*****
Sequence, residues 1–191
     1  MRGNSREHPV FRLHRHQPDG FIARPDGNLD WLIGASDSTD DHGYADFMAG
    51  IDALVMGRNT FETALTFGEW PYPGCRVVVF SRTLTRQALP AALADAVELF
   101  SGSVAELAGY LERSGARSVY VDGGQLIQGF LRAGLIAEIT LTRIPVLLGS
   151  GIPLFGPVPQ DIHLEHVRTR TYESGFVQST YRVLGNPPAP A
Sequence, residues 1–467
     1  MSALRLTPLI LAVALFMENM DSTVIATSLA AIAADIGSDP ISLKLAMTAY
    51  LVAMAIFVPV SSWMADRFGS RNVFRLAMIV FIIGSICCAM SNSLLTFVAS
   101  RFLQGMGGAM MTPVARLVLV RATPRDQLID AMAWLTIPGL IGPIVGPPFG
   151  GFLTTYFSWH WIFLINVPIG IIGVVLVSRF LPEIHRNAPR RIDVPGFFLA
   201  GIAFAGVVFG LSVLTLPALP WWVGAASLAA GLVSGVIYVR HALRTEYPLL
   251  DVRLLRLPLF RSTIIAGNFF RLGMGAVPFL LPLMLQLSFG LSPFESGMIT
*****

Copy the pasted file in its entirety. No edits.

Sequence, residues 1–191
     1  MRGNSREHPV FRLHRHQPDG FIARPDGNLD WLIGASDSTD DHGYADFMAG
    51  IDALVMGRNT FETALTFGEW PYPGCRVVVF SRTLTRQALP AALADAVELF
   101  SGSVAELAGY LERSGARSVY VDGGQLIQGF LRAGLIAEIT LTRIPVLLGS
   151  GIPLFGPVPQ DIHLEHVRTR TYESGFVQST YRVLGNPPAP A
Sequence, residues 1–467
     1  MSALRLTPLI LAVALFMENM DSTVIATSLA AIAADIGSDP ISLKLAMTAY
    51  LVAMAIFVPV SSWMADRFGS RNVFRLAMIV FIIGSICCAM SNSLLTFVAS
   101  RFLQGMGGAM MTPVARLVLV RATPRDQLID AMAWLTIPGL IGPIVGPPFG
   151  GFLTTYFSWH WIFLINVPIG IIGVVLVSRF LPEIHRNAPR RIDVPGFFLA
   201  GIAFAGVVFG LSVLTLPALP WWVGAASLAA GLVSGVIYVR HALRTEYPLL
   251  DVRLLRLPLF RSTIIAGNFF RLGMGAVPFL LPLMLQLSFG LSPFESGMIT